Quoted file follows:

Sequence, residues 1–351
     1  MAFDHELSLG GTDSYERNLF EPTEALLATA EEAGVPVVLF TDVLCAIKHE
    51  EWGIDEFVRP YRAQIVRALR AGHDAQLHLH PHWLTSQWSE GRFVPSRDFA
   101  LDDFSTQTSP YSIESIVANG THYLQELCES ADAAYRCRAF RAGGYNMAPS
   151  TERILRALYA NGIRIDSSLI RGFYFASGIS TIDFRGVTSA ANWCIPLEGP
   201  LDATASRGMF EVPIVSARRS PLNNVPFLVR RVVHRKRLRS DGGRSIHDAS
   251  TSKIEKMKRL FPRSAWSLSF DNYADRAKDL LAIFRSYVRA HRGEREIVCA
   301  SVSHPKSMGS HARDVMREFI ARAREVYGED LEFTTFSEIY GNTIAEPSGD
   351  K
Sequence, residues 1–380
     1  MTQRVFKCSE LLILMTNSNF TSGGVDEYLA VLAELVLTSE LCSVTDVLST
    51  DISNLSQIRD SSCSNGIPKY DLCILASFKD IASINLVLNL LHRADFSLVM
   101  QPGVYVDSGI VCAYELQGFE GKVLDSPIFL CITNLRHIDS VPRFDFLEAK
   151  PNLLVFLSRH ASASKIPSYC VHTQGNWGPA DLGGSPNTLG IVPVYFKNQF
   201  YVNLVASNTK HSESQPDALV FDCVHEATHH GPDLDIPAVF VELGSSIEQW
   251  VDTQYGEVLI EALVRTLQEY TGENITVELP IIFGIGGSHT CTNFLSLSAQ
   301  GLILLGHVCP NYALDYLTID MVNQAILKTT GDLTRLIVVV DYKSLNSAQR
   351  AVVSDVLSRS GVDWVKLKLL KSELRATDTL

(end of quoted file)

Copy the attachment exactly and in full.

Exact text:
Sequence, residues 1–351
     1  MAFDHELSLG GTDSYERNLF EPTEALLATA EEAGVPVVLF TDVLCAIKHE
    51  EWGIDEFVRP YRAQIVRALR AGHDAQLHLH PHWLTSQWSE GRFVPSRDFA
   101  LDDFSTQTSP YSIESIVANG THYLQELCES ADAAYRCRAF RAGGYNMAPS
   151  TERILRALYA NGIRIDSSLI RGFYFASGIS TIDFRGVTSA ANWCIPLEGP
   201  LDATASRGMF EVPIVSARRS PLNNVPFLVR RVVHRKRLRS DGGRSIHDAS
   251  TSKIEKMKRL FPRSAWSLSF DNYADRAKDL LAIFRSYVRA HRGEREIVCA
   301  SVSHPKSMGS HARDVMREFI ARAREVYGED LEFTTFSEIY GNTIAEPSGD
   351  K
Sequence, residues 1–380
     1  MTQRVFKCSE LLILMTNSNF TSGGVDEYLA VLAELVLTSE LCSVTDVLST
    51  DISNLSQIRD SSCSNGIPKY DLCILASFKD IASINLVLNL LHRADFSLVM
   101  QPGVYVDSGI VCAYELQGFE GKVLDSPIFL CITNLRHIDS VPRFDFLEAK
   151  PNLLVFLSRH ASASKIPSYC VHTQGNWGPA DLGGSPNTLG IVPVYFKNQF
   201  YVNLVASNTK HSESQPDALV FDCVHEATHH GPDLDIPAVF VELGSSIEQW
   251  VDTQYGEVLI EALVRTLQEY TGENITVELP IIFGIGGSHT CTNFLSLSAQ
   301  GLILLGHVCP NYALDYLTID MVNQAILKTT GDLTRLIVVV DYKSLNSAQR
   351  AVVSDVLSRS GVDWVKLKLL KSELRATDTL